LOS ANGELES (Circa) -- "I felt numb. I was shocked. I was scared."
That's how Martha Diaz felt when her mom, Florentina Diaz, was diagnosed with Alzheimer's 14 years ago. It was the first time she had ever heard of the chronic neurodegenerative disease.
"I didn't know what was going to happen. There was a lot of unanswered questions," said the Los Angeles, California, woman.
Diaz's experience is common. Latinos are expected to see a 832% increase in cases of Alzheimer's disease by 2060, according to a 2016 study by the USC Edward R. Roybal Institute on Aging. That's double the rate of Caucasians. Doctors don't know why Latinos are more likely to develop Alzheimer's but research shows the Latino community in the United States has higher risk factors for cardiovascular issues, which can lead to cognitive disease. Latinos tend to have poor diets, lower level of education and less access to healthcare than other groups, according to the Alzheimer's Association.
So Alzheimer's Greater Los Angeles found a unique way to try to educate people about the neurological disease. They produced a telenovela.
Known for their drama, the passion and their villains, this telenovela, "Recuerdos Perdidos," or "Lost Memories," has all that and a mission— a lofty one.
"It just follows a family that's dealing with the grandma having some memory problems, the process of getting a diagnosis and how the family copes with that," said Margarita Bermudez, the manager of Latino services at Alzheimer's Greater Los Angeles. She got the idea for the telenovela when she was one from AltaMed on HIV.
"If this way, [viewers] are willing to hear us out and maybe pick up the phone, hopefully to call us, but maybe hopefully to call their doctor because they’re worried, you know, anything to help the family, then we'll be happy," said Bermudez.
Latinos tend to have poor diets, lower level of education and less access to healthcare than other groups.
They are showing bilingual versions of the four-episode (30 minutes total) Spanish telenovela in senior homes, health fairs and schools to educate and help those impacted by the disease, since catching it in the early stages can improve tratment.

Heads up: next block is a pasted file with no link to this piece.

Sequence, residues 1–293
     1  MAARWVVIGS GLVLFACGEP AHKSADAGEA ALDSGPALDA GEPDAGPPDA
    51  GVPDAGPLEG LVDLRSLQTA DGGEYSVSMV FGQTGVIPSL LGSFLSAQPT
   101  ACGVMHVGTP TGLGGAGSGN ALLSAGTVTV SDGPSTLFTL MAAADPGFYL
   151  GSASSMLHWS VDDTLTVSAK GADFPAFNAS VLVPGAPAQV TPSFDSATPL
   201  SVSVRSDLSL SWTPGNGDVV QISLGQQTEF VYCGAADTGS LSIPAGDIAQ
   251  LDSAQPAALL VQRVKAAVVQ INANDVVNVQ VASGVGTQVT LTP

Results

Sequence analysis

“By the time the memory has gotten so bad that they finally accept, ok, maybe I should go see the doctor, they’re already in the middle stages," says Bermudez, who works with a lot of Latino families in the Los Angeles area.
And Diaz, like many who have a family member with Alzheimer's wasn't aware of what her mom was going through.
"I just thought it was old age. Back in the day I used to hear when you get older it's senile. I didn't know that it was this disease until I took her to the doctor because she was refusing to bathe. She didn't want to eat," said Diaz.
For her, the telenovelas are informative, entertaining and a mirror of sorts.
"They're so real. I've experienced some of the scenes with my mom at the very beginning," says Diaz. "One of the scenes that I remember was when the lady was cooking, and she put too much salt in there, and I think she left the spoon in the pot. When my mother still wanted to cook here, she did similar mistakes like that. I started realizing that I can't let her do that. Eventually I would remove the knobs from the stove."
Alzheimer's Greater Los Angeles hopes to make more telenovelas in the future, like one focusing on what it's like to be a caregiver, to help people like Diaz.
"My mother took care of me when I was a child, and now it's my turn to take care of my mother, because she is my little girl," said Diaz.